Setting up CRON jobs from the command line/terminal is relatively easy but if you’re hosting on a shared server or entry level server you might not get SSH access. It might be the case that you have a section in your hosting control panel to do this for you via an editor or a form. If you do have SSH access, these are the commands you need:

To list current CRON jobs

crontab -l” (That’s L for LIST not i)
…this will show you the current cron jobs in your config file for your user account.

Each line of this config file is a “cron job”, a cron job’s make up for each line is as follows:
minute hour day-of-month month day-of-week command

To “Edit” type or create when list fails

crontab -e
…this will open your personal (logged in account) cron configuration. This will launch vi (editor) for the config file. If it’s empty you’ll see loads of blank lines denoted by tild symbols ‘~’. vi help commands here: https://www.cs.colostate.edu/helpdocs/vi.html

To “Remove” type

crontab -r
…this will remove your cronjobs (all of them!)

To “Remove just one” type

crontab -e
…this will load the editor, then just remove the cron job line you want to remove/disable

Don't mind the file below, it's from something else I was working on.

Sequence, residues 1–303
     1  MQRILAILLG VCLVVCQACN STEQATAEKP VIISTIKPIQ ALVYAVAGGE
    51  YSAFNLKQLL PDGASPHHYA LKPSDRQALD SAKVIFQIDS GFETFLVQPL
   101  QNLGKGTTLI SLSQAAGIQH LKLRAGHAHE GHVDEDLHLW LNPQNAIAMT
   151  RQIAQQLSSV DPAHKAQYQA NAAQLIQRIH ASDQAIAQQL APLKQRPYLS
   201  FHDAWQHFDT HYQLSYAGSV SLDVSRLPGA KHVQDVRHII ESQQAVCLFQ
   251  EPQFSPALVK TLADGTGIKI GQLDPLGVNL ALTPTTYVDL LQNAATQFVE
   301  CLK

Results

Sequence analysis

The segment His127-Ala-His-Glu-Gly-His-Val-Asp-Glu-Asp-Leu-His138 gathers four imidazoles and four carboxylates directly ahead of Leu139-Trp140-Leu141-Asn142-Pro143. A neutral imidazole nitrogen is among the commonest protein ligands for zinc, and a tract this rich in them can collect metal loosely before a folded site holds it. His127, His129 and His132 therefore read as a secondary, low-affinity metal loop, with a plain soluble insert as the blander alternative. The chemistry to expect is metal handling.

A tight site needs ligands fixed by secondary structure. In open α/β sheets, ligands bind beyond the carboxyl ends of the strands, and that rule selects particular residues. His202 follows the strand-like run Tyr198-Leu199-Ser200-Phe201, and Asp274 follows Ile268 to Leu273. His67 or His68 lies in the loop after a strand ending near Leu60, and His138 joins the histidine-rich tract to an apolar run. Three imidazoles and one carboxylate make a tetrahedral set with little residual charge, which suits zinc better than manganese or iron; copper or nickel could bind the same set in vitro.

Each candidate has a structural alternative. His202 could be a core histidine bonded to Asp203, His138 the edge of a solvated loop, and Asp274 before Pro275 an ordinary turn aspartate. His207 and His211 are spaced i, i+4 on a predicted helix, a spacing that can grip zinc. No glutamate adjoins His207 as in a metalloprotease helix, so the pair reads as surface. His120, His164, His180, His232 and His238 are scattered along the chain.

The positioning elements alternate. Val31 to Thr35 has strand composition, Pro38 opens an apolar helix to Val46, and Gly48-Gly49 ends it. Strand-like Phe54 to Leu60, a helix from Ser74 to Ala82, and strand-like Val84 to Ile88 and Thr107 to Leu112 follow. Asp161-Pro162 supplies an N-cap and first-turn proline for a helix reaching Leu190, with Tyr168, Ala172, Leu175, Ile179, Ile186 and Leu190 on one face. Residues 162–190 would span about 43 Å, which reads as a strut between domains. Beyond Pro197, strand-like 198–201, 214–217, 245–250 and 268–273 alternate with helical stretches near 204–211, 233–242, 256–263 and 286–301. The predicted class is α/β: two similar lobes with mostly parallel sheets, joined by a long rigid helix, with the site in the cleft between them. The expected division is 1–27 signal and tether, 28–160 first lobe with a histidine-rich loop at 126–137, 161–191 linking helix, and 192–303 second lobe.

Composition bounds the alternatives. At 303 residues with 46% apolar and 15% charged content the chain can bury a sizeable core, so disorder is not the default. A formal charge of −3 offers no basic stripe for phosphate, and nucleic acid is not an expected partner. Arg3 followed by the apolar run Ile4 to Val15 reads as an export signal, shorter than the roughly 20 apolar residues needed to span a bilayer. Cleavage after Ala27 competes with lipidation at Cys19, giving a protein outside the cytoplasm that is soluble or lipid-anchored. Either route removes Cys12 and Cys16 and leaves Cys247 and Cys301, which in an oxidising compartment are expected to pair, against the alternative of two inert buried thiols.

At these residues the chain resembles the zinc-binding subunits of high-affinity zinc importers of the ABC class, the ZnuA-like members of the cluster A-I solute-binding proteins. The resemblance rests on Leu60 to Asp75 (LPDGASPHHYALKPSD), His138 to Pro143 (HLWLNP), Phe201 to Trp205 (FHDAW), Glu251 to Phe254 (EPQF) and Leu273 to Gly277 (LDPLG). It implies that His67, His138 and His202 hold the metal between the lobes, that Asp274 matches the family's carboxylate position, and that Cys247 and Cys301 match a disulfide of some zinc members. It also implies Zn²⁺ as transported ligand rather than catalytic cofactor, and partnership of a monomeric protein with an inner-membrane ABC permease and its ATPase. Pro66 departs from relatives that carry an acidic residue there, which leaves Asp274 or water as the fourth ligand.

Real world example line

01 04 * * * /usr/bin/somedirectory/somecommand
That will run at 0401 (AM, as it’s 24hr clock) every day.
01=minute
04=hour
Next 3 * (day/month/year)
/usr/bin…=command to run.

You can use string formatted jobs with these @keywords:
[Legend, string = meaning]
@reboot = Run once, at startup.
@yearly = Run once a year, “0 0 1 1 *”.
@annually = (same as @yearly)
@monthly = Run once a month, “0 0 1 * *”.
@weekly = Run once a week, “0 0 * * 0”.
@daily = Run once a day, “0 0 * * *”.
@midnight = (same as @daily)
@hourly = Run once an hour, “0 * * * *”.
…if you choose to use @keyword timeouts then your cron line would look like this:
“@reboot /path/to/execuable1”
…this would execute on reboot of the system and execute the path to executable1

NOTE

Your biggest challenge with a cron job is creating a stand alone PHP script (or executable) that can run from the terminal/command line. You can test that anytime by creating your script in a saved file called “cron-script.php”, then at the command line/terminal type “php cron-script.php”. Your PHP will execute and anything in the output buffer will be printed to the screen. REMEMBER(!) a cron job runs in the background so you won’t see ANY output. Only use output to test when launching manually.

That’s it…happy scheduling!